When you suffer from psoriasis, you’ll try just about anything to alleviate the symptoms of this chronic skin condition — especially if your case is severe. It’s no small wonder, then, that the idea of sun or light therapy (also known as phototherapy) as a viable treatment is gaining traction.
But with skin cancer being a major killer among women and men, is this sort of therapy really safe? Considering we’ve heard anecdotes of people relying on tanning beds for treatment, we had our doubts.
To settle any ambiguity, we asked Drs. Gary and Kristina Goldenberg, the husband-and-wife team of New York City’s Goldenberg Dermatology, to weigh in on phototherapy and any potential risks. And suffice it to say, those stories about using tanning beds to treat psoriasis are probably more wishful thinking than reality.
Here’s the 411 on all things phototherapy
SheKnows: For those of us who aren’t familiar with this form of treatment, what does the light therapy process entail?
Goldenbergs: Light therapy uses UV type B to treat various inflammatory skin conditions, including psoriasis. A normal course of treatment is a visit to the office three times per week for three months. While receiving the treatments, patients are exposed to UVB in a light box.
SK: How does light therapy help psoriasis?
G: UV exposure decreases inflammation in the skin by suppressing the skin immune system. This in turn helps conditions in which there is too much inflammation, such as psoriasis.
SK: Are there different types of light therapy?
G: Yes. UVA and UVB are usually utilized and can be broad- or narrow-band. Narrow-band UVB is currently the most commonly used type of light therapy.
SK: Are tanning beds a viable source of light for phototherapy treatment? Don’t they increase the risk of melanoma?
G: No, they aren’t! First of all, they are not calibrated, and different tanning beds may have different strengths of bulbs. If patients get a sunburn, it can make their psoriasis worse. Also, tanning beds are associated with an increased risk of skin cancer — including melanoma. This risk is higher than with the narrow band UVB most dermatologists use.
SK: Do tanning beds emit the same kind of light that you’d get from, say, sitting outside in the sun for 10 minutes?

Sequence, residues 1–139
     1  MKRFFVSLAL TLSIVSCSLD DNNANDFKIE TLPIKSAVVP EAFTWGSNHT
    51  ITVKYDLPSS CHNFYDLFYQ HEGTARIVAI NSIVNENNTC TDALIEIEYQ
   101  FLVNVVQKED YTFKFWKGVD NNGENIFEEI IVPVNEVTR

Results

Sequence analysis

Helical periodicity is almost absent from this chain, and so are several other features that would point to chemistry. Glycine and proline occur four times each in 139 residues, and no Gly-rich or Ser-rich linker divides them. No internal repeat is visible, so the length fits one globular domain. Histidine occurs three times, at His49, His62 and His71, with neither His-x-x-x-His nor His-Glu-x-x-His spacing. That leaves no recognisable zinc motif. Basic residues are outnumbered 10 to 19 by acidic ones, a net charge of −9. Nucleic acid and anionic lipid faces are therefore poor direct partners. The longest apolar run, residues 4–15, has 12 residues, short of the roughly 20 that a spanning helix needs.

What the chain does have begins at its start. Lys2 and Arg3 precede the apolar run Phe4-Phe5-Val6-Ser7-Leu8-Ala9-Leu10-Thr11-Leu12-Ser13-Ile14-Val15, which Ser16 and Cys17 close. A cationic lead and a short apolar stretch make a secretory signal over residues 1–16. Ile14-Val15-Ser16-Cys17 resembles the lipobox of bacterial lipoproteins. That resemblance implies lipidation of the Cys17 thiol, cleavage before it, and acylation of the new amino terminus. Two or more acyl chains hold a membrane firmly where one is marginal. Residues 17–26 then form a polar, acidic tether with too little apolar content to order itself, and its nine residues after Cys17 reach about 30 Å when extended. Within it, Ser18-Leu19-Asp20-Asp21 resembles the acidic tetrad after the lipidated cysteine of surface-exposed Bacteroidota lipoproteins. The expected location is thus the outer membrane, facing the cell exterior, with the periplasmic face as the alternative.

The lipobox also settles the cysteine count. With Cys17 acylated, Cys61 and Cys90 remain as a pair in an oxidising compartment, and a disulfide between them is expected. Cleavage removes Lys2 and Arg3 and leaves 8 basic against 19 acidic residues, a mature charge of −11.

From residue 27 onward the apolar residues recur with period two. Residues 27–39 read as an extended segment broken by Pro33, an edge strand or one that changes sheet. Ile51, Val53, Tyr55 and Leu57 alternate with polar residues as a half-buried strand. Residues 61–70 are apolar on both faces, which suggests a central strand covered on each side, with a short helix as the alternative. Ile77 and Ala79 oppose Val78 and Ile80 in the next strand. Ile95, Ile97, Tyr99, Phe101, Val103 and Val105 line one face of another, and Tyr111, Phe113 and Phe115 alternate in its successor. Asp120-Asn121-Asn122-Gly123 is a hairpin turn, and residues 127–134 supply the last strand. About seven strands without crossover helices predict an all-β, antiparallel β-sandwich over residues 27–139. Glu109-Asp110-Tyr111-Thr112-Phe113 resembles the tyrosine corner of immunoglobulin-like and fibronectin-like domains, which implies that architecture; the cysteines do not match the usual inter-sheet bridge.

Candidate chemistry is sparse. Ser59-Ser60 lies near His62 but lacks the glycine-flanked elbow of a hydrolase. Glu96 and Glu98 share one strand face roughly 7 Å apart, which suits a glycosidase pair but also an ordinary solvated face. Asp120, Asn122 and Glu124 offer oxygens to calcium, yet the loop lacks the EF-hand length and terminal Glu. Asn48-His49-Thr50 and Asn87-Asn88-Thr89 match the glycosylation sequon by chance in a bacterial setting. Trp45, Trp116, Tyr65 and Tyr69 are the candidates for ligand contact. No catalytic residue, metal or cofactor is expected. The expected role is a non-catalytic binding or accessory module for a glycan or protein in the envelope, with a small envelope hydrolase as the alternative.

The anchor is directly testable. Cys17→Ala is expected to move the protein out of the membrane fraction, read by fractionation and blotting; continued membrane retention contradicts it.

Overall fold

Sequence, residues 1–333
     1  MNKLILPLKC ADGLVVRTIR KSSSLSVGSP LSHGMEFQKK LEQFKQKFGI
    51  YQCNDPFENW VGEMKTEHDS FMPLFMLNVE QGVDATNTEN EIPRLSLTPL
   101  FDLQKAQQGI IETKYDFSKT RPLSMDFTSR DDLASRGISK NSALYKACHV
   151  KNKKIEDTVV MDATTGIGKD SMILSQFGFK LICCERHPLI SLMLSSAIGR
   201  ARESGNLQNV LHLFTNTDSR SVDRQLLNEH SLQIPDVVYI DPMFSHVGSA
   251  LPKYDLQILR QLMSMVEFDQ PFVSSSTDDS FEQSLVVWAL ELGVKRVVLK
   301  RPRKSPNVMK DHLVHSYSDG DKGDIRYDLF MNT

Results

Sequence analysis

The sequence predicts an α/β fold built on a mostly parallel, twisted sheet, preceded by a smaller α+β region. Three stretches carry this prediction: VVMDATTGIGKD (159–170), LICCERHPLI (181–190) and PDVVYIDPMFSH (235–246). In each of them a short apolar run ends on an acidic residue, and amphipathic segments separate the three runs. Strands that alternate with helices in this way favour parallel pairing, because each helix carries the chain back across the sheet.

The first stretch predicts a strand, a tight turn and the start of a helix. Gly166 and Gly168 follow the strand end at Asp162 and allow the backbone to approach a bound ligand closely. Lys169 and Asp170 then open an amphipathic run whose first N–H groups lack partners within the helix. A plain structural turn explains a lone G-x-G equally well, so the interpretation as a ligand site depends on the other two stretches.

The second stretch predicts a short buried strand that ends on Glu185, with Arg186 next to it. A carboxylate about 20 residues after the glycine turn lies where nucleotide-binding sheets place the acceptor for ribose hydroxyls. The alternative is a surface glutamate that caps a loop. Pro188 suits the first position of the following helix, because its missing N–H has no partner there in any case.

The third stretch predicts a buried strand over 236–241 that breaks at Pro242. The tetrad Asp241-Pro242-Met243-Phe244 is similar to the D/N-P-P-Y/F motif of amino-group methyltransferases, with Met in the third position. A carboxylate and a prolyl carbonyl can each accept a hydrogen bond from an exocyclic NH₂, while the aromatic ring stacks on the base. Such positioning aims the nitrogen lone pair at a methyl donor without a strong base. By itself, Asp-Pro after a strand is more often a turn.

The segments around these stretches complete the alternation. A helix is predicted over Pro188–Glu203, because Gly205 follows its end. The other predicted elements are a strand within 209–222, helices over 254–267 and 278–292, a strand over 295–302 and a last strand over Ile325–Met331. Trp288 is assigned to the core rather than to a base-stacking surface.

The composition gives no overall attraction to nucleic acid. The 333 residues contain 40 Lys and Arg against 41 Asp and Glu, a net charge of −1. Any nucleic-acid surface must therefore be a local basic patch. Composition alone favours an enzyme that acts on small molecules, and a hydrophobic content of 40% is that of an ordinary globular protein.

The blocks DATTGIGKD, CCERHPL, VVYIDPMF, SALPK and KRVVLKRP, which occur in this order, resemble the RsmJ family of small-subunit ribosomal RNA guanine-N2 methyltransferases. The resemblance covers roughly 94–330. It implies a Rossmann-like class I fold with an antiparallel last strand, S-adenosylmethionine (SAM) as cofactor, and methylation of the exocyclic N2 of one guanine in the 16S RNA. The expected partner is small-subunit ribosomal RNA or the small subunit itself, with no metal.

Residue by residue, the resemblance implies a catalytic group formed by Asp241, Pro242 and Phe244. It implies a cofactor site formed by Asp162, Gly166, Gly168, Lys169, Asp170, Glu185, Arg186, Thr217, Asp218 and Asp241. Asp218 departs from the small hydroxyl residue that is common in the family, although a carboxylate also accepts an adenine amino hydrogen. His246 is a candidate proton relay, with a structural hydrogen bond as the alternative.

G: It depends on the bulbs. Most tanning beds emit UVA, UVB and UVC.
SK: Are extra precautions necessary during light therapy to protect skin from damage as well as the threat of skin cancer?
G: Skin that doesn’t have psoriasis should be covered during treatment to decrease the risk of skin cancer.
SK: Does light therapy make you more sensitive to natural sunlight?
G: Not necessarily, but we ask most patients receiving this therapy to limit natural or tanning bed exposure because of increased risk of skin cancer.
SK: Is light therapy alone effective in treating psoriasis, or is it used in combination with other therapies and/or medication?
G: It depends on the severity and type of psoriasis. In some cases, it can be used alone, but in most cases topical creams or systemic medications may be required.
SK: How long does it take to see the effects of light therapy?
G: The usual course of treatment is three months.
As the Goldenbergs are highly sought-after experts in the field of dermatology, they clearly know their stuff. Based on the conversation with them, we can deduce that a) they do consider phototherapy as a viable treatment option for psoriasis in conjunction at times with other therapies, and b) there still seems to be some risk associated with it. If you’re interested in learning more about light/sun therapy to treat your psoriasis, we recommend reaching out to the Goldenbergs or your local dermatologist to discuss the rewards and risks involved.
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